of the membership, which was pleased with the course it had. But Silva joined Stein and another Raynor convert, longtime member King Oehmig, in a selling and educational
effort that eventually carried the day.

Silva expanded greens that had shrunk and rebuilt two putting surfaces at the 10th and
17th, injecting both with Raynoresque vigor. With trees being felled to open mountain vistas, Silva got down to the guts of the matter, blasting through the sandstone Banks couldn’t crack to dig the angular, box-like bunkers that give the course the Raynor mark.

The result is a shortish 6,602-yard layout that refuses to bow to power. Again and again, as at the rolling 445-yard 2nd hole, the trick is to choose the proper path, thread through bunkers and hope to play the right bounce.Miss a typically towering green and the recovery shot is likely blind, and might be played from a cavernous bunker far below the putting surface.

Raynor’s genius shines in the way he steered the layout across the challenging landscape.
The slant of playing corridors and the speed of the fairways make for an unpredictable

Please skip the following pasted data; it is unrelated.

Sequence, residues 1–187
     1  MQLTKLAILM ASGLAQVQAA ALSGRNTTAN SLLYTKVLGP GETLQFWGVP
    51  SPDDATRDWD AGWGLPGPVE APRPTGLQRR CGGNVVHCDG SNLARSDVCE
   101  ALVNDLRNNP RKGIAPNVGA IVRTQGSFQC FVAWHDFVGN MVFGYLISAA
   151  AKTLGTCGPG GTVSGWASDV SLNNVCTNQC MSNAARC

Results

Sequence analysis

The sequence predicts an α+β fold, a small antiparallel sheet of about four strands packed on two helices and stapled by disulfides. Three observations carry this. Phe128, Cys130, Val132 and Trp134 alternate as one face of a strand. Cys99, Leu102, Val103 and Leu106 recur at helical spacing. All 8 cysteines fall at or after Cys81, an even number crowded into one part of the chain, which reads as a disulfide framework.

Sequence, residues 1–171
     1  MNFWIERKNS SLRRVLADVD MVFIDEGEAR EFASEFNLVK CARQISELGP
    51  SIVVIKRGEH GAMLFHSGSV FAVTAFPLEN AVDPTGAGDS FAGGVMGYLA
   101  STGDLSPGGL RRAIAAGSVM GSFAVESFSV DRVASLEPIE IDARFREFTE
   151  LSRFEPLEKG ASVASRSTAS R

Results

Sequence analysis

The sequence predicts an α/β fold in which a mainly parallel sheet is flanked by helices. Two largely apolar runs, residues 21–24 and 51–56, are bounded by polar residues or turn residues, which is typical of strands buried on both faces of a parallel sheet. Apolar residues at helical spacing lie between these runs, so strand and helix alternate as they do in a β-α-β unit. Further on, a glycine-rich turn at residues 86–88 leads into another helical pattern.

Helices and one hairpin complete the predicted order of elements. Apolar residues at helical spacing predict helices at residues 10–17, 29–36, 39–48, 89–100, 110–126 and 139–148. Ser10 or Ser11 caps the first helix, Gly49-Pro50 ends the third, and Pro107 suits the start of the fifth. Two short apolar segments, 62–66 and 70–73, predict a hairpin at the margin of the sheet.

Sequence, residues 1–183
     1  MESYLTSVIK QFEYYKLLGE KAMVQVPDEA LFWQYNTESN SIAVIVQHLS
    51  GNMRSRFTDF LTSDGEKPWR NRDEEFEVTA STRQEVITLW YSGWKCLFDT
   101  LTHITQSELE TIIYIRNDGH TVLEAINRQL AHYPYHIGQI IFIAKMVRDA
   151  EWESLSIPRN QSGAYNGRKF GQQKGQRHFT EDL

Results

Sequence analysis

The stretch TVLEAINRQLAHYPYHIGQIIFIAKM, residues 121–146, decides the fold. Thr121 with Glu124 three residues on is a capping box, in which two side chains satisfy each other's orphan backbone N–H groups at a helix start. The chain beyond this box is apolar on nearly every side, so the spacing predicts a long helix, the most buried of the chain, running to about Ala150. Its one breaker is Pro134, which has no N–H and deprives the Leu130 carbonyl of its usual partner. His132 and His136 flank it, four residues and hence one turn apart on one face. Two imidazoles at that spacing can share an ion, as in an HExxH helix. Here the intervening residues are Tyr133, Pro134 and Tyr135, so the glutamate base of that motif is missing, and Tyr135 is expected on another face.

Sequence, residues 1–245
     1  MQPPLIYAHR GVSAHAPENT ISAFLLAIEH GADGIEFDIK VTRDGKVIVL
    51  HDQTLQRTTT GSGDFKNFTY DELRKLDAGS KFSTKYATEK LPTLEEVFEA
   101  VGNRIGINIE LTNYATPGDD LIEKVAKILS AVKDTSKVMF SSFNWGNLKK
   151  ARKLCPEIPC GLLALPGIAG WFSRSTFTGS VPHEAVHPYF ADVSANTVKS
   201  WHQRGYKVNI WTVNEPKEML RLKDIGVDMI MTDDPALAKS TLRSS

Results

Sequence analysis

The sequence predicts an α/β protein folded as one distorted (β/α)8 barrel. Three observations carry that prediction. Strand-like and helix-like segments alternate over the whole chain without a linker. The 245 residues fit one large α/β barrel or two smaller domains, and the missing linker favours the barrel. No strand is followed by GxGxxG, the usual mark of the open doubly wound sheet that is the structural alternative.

romp across holes like the short 375-yard 9th.

Tacking here, angling there, watching the ball bounce and skitter, a round at Lookout
Mountain has a joyous arcade-like quality, a game of golf in a house of mirrors. The line
between success and disaster can be precariously thin, as at the par-5 10th, Cape, which
offers multiple risks and rewards.

The inward nine is a history lesson of template holes, including the celebrated Road, the
456-yard 15th hole. The Alps, the 418-yard 11th, requires a blind short iron over a hump,
and the 203-yard Redan, the 13th hole, is that rare par 3 that offers multiple lines of approach.

The club has yet to add several sprawling bunkers penned in by Raynor, and two particular
holes could use additional work: At the 390-yard 5th, the narrow fairway banks steeply toward a deep ravine and needs to be widened and softened. As for the tedious 490-
yard par-5 14th, a notoriously slippery slope, is any of that dynamite left?

But those are very much the exceptions. If confounding at times, Lookout is unique and
thrilling. Its rebirth is something to cherish. After all these years there is finally no doubt
that, yes, Seth Raynor was here.